Transport Workers’ Union NSW secretary-elect Michael Aird said the industrial action was caused by the continuing refusal by Orica Explosives management to offer 130 truck drivers a fair enterprise agreement.
“TWU members have been left with no option but to take industrial action, which has seriously affected mines across the Hunter Valley owned by Rio Tinto and others,” Aird said.
“Our members are employed as truck drivers, delivering explosives to mine sites, and also as shot firers, who detonate the explosives, so without them on the job there is no blasting and nothing to mine.
He said EA negotiations had lasted more than 12 months so far. Related ballots on taking protected industrial action, including for an unlimited number of stoppages for 24 hours, were passed in late September.
“Despite our best efforts Orica management has refused to put a realistic deal on the table, even going so far as to put a substandard deal out to vote, which was rejected by a whopping 90% of the workers,” Aird said.
“Taking industrial action is necessary to get Orica to treat us fairly and unless the company starts talking sense this may not be the last of it.”
Orica truck driver and TWU delegate Scott Leighton said the members wanted an EA that protected their jobs and allowed them to come home safely at night.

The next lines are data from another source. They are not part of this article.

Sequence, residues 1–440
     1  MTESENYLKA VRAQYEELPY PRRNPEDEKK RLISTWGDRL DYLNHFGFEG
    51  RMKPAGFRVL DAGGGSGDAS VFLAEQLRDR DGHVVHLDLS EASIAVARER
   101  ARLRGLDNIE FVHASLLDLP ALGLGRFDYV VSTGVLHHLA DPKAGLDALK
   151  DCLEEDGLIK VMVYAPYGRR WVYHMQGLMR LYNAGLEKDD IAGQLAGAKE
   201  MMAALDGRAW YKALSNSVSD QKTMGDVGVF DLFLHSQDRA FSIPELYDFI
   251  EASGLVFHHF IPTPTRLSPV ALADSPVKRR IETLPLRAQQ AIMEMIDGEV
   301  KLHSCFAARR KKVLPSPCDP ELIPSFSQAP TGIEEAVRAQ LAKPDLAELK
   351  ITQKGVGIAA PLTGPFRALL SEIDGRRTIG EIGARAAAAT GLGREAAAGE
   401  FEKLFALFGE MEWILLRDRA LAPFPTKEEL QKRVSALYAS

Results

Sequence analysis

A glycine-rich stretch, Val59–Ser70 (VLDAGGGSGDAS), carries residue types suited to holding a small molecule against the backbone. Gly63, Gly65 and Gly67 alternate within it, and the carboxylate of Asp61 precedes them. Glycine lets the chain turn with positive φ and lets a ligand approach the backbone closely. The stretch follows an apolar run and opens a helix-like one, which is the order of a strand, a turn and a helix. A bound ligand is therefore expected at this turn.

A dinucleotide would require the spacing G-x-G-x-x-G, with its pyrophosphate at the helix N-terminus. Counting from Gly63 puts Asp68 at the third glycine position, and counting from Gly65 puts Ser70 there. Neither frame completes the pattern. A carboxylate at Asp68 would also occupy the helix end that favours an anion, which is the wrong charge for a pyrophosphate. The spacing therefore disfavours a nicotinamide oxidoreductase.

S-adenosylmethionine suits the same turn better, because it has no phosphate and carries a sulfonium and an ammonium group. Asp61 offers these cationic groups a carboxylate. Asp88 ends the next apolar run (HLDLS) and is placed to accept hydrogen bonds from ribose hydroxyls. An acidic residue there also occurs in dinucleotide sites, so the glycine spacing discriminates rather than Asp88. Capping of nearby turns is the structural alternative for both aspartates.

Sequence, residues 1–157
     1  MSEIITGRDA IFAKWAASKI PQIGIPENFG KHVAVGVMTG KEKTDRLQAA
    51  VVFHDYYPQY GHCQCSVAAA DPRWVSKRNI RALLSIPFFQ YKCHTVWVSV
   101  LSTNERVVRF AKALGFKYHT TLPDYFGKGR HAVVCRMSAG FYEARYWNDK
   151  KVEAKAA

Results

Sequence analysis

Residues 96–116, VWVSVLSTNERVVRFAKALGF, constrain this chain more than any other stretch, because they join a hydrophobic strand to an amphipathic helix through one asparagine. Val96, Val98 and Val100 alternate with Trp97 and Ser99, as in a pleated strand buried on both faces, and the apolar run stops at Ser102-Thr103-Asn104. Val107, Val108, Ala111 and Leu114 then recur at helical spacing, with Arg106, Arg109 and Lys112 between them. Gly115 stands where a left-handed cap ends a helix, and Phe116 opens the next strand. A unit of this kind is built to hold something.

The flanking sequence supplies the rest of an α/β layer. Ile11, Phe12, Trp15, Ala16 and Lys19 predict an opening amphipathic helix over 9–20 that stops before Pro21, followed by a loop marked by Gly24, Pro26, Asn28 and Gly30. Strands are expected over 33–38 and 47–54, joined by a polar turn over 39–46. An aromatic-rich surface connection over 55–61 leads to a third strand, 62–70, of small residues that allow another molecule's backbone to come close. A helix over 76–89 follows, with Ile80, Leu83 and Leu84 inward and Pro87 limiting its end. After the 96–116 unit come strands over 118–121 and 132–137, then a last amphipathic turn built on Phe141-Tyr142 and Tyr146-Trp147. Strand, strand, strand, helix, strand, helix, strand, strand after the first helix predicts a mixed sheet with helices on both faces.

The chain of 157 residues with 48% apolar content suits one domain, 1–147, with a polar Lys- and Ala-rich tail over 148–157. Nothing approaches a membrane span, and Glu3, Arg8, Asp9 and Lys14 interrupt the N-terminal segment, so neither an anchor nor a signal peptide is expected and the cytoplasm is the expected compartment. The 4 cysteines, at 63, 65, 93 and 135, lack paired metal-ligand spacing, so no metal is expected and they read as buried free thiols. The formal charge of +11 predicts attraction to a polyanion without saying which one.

“Unfortunately Orica management seems to have other ideas and the result is that mines across the Hunter have been seriously affected,” he said.
“It’s time the company saw sense and worked with us to reach a fair agreement that works for everyone.”
According to the Newcastle Herald, Orica employees last voted down an EA offer which reduced conditions to the extent that wages could be cut by up to $10,000 per annum.
TWU said the four-hour industrial action affected: Mangoola, Bengalla, Muswellbrook Coal, Mt Owen, Glendell, Rix's Creek, Bloomfield, Mount Thorley Warkworth, Mount Arthur, Drayton, Bulga, Ravensworth North and a number of sites covered by Hunter Valley Operations.
“Orica is disappointed that members of the Transport Workers Union in the Hunter Valley have not accepted Orica's Enterprise Agreement offer in the most recent ballot,” a company spokeswoman said.
“Orica is committed to continuing discussions with its employees with the aim of finalising an agreement.
“The company is working closely with its customers to avoid operational disruption.